Malaria is a global infectious disease with devastating human impact. The high prevalence of resistance towards existing drugs necessitates development of new drug therapies. De novo pyrimidine biosynthesis is an essential and non-redundant pathway in the malarial parasite, but not in mammals, and the fourth enzyme in this pathway, dihydroorotate dehydrogenase (DHODH), offers host-parasite differences at its active site. A high-throughput screen of a small-molecule library identified a number of good inhibitors of malarial DHODH. The most promising hit, GR34, is a potent and selective inhibitor of Plasmodium falciparum DHODH (IC50 = 38 nM) and demonstrates similar potent activity against parasites in whole cell assays, while having no effect on a cultured mammalian cell line. The molecule is synthesized at low cost in 3 steps. Preliminary pharmacokinetic studies have demonstrated that GR34 is orally bioavailable in rats and metabolic studies confirm that the GR34 scaffold should be pharmaceutically acceptable. The compound is well tolerated in both mice and rats with no current evidence of limiting toxicity. The next goal is to design and deliver a clinical development candidate with improved inhibitory activity against DHODH. The initial focus will be to optimize the GR34 lead compound with respect to its in vivo biological activity profile and pharmaceutical developmental properties (ADME, toxicity). A combination of structural biology and medicinal chemistry will help determine which parts of the lead molecule can be improved without loosing desirable properties. We will also prioritize DHODH inhibitors based on lack of cross-resistance with existing drugs, and with low propensity to acquire drug resistance de novo. The project will also advance a backup candidate from the lead development series and explore other chemically attractive alternative scaffolds derived from the initial HTS. The proposed work plan encompasses an integrated and multi-disciplinary approach, bringing together the expertise of the three laboratories: Biochemistry and structural biology will be performed at the University of Texas Southwestern Medical Center (Phillips lab);Medicinal chemistry and malaria biology will be performed at the University of Washington in Seattle (Rathod lab);and ADME lead optimization and preclinical development progression will be performed at Monash University (Charman lab). MMV has a well-established target product profile for drug development candidates for malaria, and these criteria will inform the work plan to develop DHODH inhibitors as novel anti-malarials. Once a compound has been nominated, MMV will fund and manage the GLP preclinical development program and First in Human (FIH) Phase 1 clinical trials as part of its internally funded clinical development program.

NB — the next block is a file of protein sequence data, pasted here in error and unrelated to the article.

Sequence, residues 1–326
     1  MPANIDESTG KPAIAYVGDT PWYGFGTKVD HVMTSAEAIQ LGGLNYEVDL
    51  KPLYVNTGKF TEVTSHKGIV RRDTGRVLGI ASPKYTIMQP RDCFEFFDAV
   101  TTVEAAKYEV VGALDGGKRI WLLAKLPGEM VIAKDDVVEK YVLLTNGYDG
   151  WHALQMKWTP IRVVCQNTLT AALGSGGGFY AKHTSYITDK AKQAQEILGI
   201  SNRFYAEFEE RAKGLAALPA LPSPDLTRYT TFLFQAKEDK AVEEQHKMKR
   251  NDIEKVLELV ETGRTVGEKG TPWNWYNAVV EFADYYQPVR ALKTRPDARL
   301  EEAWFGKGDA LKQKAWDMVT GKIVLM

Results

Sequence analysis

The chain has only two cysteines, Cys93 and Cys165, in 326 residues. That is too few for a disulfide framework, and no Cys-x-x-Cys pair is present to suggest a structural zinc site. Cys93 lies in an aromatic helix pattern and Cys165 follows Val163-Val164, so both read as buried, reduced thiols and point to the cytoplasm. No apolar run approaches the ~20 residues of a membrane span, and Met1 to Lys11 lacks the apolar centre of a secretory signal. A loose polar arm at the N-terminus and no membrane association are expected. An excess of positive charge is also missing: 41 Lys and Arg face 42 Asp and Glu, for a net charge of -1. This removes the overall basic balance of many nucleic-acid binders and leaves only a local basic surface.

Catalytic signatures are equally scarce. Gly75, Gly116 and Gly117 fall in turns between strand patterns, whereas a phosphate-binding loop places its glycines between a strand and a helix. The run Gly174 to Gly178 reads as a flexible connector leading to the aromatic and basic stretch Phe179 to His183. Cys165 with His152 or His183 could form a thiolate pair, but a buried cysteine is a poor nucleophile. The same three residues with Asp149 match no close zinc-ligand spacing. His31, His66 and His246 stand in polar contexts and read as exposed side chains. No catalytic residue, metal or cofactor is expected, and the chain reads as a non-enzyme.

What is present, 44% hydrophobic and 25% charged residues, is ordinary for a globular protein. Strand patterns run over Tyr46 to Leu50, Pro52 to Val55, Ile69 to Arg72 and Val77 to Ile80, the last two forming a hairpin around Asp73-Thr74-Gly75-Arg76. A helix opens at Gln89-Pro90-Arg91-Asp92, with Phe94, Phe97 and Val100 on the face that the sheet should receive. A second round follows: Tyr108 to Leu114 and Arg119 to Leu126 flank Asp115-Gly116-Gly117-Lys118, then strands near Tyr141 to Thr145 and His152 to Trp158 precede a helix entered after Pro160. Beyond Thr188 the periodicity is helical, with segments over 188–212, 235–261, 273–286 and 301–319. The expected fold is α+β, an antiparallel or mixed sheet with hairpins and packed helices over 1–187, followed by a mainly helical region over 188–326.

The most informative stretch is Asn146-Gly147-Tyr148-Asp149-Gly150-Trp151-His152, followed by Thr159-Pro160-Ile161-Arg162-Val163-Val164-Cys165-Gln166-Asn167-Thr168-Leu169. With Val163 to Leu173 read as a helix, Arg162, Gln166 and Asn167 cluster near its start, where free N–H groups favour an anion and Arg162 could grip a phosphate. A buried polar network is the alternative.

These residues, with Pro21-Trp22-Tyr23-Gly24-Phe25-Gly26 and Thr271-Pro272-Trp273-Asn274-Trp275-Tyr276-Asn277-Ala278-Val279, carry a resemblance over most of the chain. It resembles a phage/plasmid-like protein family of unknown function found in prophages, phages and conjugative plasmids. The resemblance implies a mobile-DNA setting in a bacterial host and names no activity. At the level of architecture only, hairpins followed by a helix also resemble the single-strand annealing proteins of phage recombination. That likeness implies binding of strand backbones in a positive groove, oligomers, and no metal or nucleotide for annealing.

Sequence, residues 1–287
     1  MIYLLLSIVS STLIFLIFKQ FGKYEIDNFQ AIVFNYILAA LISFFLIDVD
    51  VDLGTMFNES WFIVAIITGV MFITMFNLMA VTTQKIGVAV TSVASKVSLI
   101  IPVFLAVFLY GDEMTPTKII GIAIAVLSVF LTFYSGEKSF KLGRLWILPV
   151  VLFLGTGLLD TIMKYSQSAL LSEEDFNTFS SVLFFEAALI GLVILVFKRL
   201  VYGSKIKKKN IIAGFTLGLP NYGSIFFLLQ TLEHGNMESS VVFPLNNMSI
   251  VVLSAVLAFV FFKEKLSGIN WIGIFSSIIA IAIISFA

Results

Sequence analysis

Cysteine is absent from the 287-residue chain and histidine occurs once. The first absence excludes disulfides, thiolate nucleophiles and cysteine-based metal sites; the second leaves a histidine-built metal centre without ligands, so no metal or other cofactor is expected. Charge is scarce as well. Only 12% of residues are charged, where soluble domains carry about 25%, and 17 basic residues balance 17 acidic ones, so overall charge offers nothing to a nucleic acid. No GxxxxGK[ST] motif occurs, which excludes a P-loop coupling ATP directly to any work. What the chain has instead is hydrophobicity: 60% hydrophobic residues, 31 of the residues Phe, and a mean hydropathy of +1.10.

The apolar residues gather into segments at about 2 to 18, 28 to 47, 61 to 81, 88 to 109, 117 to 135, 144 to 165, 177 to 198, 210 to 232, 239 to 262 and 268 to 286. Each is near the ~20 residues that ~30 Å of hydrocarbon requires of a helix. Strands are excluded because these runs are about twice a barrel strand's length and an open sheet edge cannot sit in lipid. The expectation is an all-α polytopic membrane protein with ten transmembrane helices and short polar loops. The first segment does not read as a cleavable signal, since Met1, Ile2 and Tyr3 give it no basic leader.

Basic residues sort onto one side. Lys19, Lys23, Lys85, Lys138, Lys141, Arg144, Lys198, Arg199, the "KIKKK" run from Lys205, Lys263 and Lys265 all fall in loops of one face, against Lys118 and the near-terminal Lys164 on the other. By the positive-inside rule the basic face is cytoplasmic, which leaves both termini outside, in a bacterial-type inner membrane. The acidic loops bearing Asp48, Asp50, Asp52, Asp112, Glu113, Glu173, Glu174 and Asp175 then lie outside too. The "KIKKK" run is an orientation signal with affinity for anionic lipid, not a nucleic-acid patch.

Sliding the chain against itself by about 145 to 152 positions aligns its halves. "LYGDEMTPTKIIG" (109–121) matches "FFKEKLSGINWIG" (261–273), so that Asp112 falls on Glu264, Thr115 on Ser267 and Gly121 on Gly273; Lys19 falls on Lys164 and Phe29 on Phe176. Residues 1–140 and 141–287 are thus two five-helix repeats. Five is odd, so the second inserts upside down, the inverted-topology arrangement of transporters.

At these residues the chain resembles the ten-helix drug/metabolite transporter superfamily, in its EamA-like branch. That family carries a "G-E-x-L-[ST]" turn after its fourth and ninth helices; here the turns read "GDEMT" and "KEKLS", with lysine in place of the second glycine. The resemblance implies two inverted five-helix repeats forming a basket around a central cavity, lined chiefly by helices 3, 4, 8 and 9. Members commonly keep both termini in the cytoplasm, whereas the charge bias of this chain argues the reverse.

National Institute of Health (NIH)
National Institute of Allergy and Infectious Diseases (NIAID)
Research Project--Cooperative Agreements (U01)
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Special Emphasis Panel (ZAI1-TP-M (M1))
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Rogers, Martin J
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Medicines for Malaria Venture
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Kokkonda, Sreekanth; Deng, Xiaoyi; White, Karen L et al. (2016) Tetrahydro-2-naphthyl and 2-Indanyl Triazolopyrimidines Targeting Plasmodium falciparum Dihydroorotate Dehydrogenase Display Potent and Selective Antimalarial Activity. J Med Chem 59:5416-31
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